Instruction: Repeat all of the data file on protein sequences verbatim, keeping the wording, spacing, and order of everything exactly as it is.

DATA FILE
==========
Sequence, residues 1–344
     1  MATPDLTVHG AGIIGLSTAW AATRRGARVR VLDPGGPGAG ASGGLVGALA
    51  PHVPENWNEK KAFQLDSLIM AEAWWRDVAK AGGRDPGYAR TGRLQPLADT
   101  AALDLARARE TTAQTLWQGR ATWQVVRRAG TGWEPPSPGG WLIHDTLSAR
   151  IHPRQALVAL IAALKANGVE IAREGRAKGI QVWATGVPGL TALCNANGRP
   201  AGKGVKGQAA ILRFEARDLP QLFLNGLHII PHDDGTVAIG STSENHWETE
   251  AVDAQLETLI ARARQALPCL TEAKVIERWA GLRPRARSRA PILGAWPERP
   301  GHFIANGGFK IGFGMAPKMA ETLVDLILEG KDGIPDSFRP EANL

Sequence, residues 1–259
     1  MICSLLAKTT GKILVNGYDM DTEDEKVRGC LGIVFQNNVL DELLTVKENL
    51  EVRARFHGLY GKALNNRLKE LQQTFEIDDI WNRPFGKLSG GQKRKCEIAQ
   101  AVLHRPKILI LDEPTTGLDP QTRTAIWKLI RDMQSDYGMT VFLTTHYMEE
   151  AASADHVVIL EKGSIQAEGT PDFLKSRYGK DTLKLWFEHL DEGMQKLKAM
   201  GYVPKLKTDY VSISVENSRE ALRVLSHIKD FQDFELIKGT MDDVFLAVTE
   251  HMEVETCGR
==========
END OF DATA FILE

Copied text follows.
Sequence, residues 1–344
     1  MATPDLTVHG AGIIGLSTAW AATRRGARVR VLDPGGPGAG ASGGLVGALA
    51  PHVPENWNEK KAFQLDSLIM AEAWWRDVAK AGGRDPGYAR TGRLQPLADT
   101  AALDLARARE TTAQTLWQGR ATWQVVRRAG TGWEPPSPGG WLIHDTLSAR
   151  IHPRQALVAL IAALKANGVE IAREGRAKGI QVWATGVPGL TALCNANGRP
   201  AGKGVKGQAA ILRFEARDLP QLFLNGLHII PHDDGTVAIG STSENHWETE
   251  AVDAQLETLI ARARQALPCL TEAKVIERWA GLRPRARSRA PILGAWPERP
   301  GHFIANGGFK IGFGMAPKMA ETLVDLILEG KDGIPDSFRP EANL

Sequence, residues 1–259
     1  MICSLLAKTT GKILVNGYDM DTEDEKVRGC LGIVFQNNVL DELLTVKENL
    51  EVRARFHGLY GKALNNRLKE LQQTFEIDDI WNRPFGKLSG GQKRKCEIAQ
   101  AVLHRPKILI LDEPTTGLDP QTRTAIWKLI RDMQSDYGMT VFLTTHYMEE
   151  AASADHVVIL EKGSIQAEGT PDFLKSRYGK DTLKLWFEHL DEGMQKLKAM
   201  GYVPKLKTDY VSISVENSRE ALRVLSHIKD FQDFELIKGT MDDVFLAVTE
   251  HMEVETCGR